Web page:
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Brain & Nervous System Health Center

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Real-Life Benefit of Video Games

Video Games May Improve Visual Skills, Researchers Say
WebMD Health News
Reviewed by Louise Chang, MD

Dec. 22, 2009 -- Regular video game users learn to process information faster and more accurately when they’re playing in virtual worlds and in real-life situations, a new study says.

Researchers say they found that avid players get faster in their games of choice, and also in unrelated laboratory tests of reaction time.

The study is published in the December issue of Current Directions in Psychological Science.

Matthew Dye, PhD now of the University of Illinois at Urbana-Champaign and formerly at the University of Rochester, and colleagues say they reviewed existing literature on video gaming and found some surprising insights.

For example, they say they found that contrary to conventional wisdom that avid gamers become less accurate as their speed of play increases, players don’t lose accuracy and they get faster.

They say this likely is a result of gamers’ improving visual cognition with repeated playing of games.

Playing video games enhances performance on mental rotation skills, visual and spatial memory, and tasks requiring divided attention, say the researchers, including Shawn Green, PhD, now a post-doctoral associate at the University of Minnesota, and Daphne Bavelier, PhD, in the department of brain and cognitive sciences at Rochester.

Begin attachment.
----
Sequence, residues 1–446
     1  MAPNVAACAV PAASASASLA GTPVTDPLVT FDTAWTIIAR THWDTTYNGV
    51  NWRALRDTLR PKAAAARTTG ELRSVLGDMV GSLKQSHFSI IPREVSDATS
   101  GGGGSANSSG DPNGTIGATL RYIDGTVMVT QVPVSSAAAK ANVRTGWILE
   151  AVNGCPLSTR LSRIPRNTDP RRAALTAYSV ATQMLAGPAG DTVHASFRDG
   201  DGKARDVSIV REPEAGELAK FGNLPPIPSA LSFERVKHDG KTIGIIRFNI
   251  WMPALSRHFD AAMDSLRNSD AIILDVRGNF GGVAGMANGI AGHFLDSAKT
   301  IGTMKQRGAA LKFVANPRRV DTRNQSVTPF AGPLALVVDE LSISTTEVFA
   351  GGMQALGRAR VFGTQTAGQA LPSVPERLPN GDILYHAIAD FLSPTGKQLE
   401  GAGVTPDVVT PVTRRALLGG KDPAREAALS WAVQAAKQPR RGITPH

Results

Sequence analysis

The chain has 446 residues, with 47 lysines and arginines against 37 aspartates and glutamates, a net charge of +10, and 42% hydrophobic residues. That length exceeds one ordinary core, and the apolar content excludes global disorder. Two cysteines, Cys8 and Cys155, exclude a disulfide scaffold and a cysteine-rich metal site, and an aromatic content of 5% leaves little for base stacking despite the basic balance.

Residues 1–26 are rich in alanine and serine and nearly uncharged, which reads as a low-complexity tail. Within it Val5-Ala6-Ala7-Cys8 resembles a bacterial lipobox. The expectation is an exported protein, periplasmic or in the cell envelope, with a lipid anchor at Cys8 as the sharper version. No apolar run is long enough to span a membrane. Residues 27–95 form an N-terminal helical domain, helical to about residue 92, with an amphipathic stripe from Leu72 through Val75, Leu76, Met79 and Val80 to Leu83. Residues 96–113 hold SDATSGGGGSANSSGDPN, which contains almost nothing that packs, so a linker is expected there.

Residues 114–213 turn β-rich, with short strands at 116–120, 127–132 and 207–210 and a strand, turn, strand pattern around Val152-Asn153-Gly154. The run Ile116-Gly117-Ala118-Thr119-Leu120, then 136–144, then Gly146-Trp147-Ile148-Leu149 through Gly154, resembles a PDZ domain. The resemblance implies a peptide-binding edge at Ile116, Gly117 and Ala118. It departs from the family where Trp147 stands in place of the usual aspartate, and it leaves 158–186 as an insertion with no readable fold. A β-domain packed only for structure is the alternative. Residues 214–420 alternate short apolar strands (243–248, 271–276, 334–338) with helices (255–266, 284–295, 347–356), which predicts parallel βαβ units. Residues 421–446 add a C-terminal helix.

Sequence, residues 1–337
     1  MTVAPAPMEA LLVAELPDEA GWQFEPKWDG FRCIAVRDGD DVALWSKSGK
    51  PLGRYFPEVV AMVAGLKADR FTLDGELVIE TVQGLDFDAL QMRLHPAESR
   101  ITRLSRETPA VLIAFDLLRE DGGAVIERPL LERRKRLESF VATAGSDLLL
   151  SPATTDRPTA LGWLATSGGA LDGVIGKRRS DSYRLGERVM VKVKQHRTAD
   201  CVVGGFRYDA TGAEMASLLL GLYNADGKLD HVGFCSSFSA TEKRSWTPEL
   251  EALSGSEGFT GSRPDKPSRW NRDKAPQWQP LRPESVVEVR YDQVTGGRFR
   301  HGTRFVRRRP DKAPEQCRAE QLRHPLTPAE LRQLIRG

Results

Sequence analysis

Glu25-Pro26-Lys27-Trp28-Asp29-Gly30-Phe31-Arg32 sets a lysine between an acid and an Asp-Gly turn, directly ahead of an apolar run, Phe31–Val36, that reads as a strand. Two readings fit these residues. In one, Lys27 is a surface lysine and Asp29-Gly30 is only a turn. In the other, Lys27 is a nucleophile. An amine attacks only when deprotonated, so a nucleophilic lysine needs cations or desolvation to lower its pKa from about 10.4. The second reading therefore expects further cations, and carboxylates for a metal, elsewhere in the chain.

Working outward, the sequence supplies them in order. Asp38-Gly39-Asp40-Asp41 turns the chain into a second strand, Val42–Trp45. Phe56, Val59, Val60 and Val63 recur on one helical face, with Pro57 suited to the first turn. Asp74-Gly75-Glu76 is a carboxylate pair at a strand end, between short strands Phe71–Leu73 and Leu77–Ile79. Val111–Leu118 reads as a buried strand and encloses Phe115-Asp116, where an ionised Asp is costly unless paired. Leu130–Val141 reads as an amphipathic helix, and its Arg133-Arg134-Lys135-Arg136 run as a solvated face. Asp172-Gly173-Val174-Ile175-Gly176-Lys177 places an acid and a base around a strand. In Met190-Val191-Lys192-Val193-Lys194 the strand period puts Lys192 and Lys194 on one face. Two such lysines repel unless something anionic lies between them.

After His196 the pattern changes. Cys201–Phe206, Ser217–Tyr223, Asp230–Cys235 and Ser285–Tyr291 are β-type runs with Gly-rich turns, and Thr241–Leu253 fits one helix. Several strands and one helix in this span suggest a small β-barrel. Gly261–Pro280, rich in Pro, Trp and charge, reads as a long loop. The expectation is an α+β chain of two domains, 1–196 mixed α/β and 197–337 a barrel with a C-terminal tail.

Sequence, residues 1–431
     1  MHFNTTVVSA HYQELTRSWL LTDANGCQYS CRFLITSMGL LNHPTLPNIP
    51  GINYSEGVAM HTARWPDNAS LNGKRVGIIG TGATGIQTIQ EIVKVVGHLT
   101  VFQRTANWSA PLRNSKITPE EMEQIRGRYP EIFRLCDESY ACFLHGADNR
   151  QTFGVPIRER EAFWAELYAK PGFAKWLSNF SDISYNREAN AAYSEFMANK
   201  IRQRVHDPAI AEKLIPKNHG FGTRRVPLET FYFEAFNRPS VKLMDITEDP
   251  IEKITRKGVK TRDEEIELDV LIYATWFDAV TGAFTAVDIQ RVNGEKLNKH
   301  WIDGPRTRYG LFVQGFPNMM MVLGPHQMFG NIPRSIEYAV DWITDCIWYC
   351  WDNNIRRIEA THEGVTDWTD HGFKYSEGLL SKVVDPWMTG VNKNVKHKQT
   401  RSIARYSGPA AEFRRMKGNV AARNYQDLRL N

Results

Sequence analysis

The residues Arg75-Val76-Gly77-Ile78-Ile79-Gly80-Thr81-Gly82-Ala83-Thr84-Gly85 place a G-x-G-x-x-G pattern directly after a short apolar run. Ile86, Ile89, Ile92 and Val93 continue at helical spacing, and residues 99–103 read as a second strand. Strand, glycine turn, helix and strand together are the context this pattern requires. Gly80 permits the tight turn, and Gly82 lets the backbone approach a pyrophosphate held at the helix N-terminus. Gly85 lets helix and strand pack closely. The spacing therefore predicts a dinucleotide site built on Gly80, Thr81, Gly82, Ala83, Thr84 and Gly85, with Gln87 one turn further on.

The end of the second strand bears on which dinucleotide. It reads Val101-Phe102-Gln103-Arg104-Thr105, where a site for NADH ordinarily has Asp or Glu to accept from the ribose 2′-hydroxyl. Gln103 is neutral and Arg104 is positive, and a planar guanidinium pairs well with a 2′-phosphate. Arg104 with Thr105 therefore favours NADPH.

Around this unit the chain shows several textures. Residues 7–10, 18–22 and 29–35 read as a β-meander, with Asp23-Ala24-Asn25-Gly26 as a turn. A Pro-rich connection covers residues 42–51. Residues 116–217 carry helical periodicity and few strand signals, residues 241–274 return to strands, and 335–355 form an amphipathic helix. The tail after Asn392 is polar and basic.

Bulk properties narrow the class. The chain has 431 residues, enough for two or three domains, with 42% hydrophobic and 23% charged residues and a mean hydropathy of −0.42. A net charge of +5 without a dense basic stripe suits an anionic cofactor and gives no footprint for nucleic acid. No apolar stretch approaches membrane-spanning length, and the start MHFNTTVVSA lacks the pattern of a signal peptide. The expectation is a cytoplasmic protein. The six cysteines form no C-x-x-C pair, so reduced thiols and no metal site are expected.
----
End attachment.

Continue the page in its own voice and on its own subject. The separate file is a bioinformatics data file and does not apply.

Other reported insights - that training with video games may serve to reduce gender differences in visual and spatial processing and thwart some of the cognitive declines that come with aging.

“In many everyday situations, speed is of the essence,” the authors write. “However, fast decisions typically mean more mistakes.”

After reviewing existing literature on gaming, they conclude that there is evidence that “the very act of playing action video games” increases speed of play and accuracy.

“Video gaming may therefore provide an efficient training regimen to induce a general speeding of perceptual reaction times without decreases in accuracy of performance,” the authors say.

As the gamers got faster, they maintained their accuracy in lab testing of reaction times, the authors say.

Contemporary examples of games mentioned in the study include God of War, Halo, Unreal Tournament, Grand Theft Auto, and Call of Duty, all of which require “rapid processing of sensory information and prompt action, forcing players to [make] decisions and execute responses at a far greater pace than is typical in everyday life.”

They say more studies of speed and accuracy on video games “will certainly be promising avenue of research” in the future.

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